MQTT-SN Standardization Progress

Good News! The MQTT-SN standardization is progressing nicely. That isn’t to say at warp speed, but at a steady pace in the right direction with no significant obstacles so far. Of course, someone might decide to discover one in response to this article, but it’s better to know about any now if they exist.

Looking back, I think we had two major objectives, apart from the benefit of standardization itself:

  • To take into account experiences of implementation and improve them. MQTT-SN was devised in a different era of MQTT and networks: things have moved on.
  • To align more closely with MQTT 5.0 which had been developed in the meantime. Ironically, in the odd case such as cleanstart/cleansession, this means moving back in time to pre-MQTT 3.1.1.

Simon Johnson brought the experience of ThingStream’s use of MQTT-SN in a production environment into the fray. We started with that, along with some alignment with MQTT 5.0. I thought at the beginning that I would prefer the fewest changes we could get away with, but as our discussions proceeded I realized there were more changes I would like to see adopted.

So we’ve ended up with a list of about 40 issues. Through the end of 2020 and the first few months of 2021 we proposed solutions to those and had them agreed. In the meantime, Andy Banks had updated the original source specification to the format used at OASIS and started making basic corrections.

Since then, Simon and I have updated the draft specification with the issue proposals to result in the latest working draft. At this stage, or with a few minor extra changes, we will have completed the technical updates needed to implement the new version of MQTT-SN.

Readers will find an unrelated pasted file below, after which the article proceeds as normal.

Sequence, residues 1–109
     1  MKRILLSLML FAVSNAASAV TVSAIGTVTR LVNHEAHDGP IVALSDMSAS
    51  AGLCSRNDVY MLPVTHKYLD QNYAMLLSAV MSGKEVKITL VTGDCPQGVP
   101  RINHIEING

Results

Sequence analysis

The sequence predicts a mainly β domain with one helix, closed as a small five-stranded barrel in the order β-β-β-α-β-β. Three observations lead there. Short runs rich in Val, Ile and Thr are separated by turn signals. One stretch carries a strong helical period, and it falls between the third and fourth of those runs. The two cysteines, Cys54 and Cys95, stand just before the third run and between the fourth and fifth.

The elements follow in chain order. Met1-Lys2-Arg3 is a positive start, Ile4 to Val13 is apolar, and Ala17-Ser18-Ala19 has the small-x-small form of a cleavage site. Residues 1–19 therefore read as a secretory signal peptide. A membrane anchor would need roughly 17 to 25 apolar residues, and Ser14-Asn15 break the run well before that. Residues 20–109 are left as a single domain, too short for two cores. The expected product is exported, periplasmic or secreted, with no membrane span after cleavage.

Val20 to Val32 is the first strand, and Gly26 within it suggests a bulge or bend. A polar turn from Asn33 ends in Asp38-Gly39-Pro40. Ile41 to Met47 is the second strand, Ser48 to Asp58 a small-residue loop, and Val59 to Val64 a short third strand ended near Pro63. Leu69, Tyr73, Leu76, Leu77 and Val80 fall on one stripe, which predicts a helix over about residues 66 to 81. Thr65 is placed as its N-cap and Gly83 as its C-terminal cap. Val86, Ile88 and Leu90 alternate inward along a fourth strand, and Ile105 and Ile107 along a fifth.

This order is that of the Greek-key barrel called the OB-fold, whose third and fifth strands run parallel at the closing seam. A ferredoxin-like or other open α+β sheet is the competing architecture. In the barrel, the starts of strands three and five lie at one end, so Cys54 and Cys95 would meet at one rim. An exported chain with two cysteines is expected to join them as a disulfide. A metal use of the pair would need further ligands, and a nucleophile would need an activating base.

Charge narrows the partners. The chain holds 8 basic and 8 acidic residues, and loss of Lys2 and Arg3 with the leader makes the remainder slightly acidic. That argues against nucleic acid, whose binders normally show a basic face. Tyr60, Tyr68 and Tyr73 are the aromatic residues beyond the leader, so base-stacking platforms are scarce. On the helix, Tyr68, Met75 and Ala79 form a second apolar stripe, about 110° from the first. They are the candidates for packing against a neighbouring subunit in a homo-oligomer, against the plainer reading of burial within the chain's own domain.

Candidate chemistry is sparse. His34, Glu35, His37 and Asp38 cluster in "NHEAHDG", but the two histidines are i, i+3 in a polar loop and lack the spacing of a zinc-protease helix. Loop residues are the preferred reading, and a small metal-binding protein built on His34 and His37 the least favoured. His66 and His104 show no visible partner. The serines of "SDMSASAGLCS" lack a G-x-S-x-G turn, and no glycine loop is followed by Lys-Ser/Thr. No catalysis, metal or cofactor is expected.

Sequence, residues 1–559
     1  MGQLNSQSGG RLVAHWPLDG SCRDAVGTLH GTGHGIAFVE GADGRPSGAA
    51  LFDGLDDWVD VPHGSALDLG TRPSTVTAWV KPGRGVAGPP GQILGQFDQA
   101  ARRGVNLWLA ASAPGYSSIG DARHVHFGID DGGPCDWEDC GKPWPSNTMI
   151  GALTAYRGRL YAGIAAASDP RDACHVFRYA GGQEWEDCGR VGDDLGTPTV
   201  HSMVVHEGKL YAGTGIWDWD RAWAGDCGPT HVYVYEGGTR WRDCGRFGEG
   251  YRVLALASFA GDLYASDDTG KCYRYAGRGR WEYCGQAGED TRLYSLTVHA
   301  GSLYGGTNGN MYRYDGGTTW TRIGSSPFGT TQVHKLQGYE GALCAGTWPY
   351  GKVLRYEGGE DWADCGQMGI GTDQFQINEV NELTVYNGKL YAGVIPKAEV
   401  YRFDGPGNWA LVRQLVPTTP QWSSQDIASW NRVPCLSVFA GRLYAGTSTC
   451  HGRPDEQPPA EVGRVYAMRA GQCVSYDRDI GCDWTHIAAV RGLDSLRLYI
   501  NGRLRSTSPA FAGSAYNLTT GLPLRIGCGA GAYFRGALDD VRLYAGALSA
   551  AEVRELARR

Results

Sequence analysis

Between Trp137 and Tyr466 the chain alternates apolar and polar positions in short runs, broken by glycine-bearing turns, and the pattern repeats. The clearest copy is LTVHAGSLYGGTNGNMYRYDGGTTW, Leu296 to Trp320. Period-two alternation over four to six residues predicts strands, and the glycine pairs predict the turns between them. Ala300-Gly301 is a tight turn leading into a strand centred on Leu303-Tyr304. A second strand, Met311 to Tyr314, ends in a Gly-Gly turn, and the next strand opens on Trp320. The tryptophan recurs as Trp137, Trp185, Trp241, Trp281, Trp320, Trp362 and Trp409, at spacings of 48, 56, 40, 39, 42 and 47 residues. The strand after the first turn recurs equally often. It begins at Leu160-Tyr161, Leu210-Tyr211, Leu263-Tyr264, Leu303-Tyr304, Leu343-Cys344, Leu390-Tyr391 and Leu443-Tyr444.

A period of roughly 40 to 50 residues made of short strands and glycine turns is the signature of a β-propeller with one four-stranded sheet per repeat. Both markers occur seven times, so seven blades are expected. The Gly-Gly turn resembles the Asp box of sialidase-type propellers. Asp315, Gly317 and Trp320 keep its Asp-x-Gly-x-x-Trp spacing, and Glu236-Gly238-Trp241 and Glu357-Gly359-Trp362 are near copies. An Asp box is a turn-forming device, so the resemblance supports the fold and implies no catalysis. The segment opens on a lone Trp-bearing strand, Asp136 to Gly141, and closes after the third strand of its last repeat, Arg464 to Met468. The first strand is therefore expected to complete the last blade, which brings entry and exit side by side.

Next Steps

There is still a lot of work before the specification is complete: the non-normative sections, introduction, conformance statements and formalization (RFC-izing) of the language for example. I estimate all this will take six months at least.

The immediate steps are:

  • Take the current working draft to the MQTT Technical Committee to hear any objections to our direction of travel. I don’t expect any, but I want to find out.
  • Assuming no objections, we can then embark on the process of completing the non-normative sections and rest of the updates.

In the meantime, Simon and I are planning implementations, Simon in Java, mine in Python. If anyone else wants to start implementing then that would be welcome. Having some implementation experiences is necessary for the specification to become an OASIS standard, as well as double checking our work.

I hope that later in the year, we will have a specification ready for release as a first Committee Specification Draft (CSD), along with a couple of implementations. Reaching a final standard should then be possible in 4Q this year or 1Q the next.

One Thing! – Security

I heard, through Simon, that CoAP has added functionality to deter security issues. I didn’t know what that was, but a quick search resulted in hits about DDoS attacks. From a quick read, I think that MQTT-SN isn’t vulnerable to the same type of attacks, but perhaps QoS -1 publishes (without a connection) could be used and should be thought about carefully before use. If anyone has any thoughts or more information on this topic, do speak up.

Author: Ian Craggs

I am the project lead of Eclipse Paho, a member of the Eclipse IoT working group and Eclipse IoT PMC, and co-chair of the OASIS MQTT-SN standardization Technical Sub-Committee.

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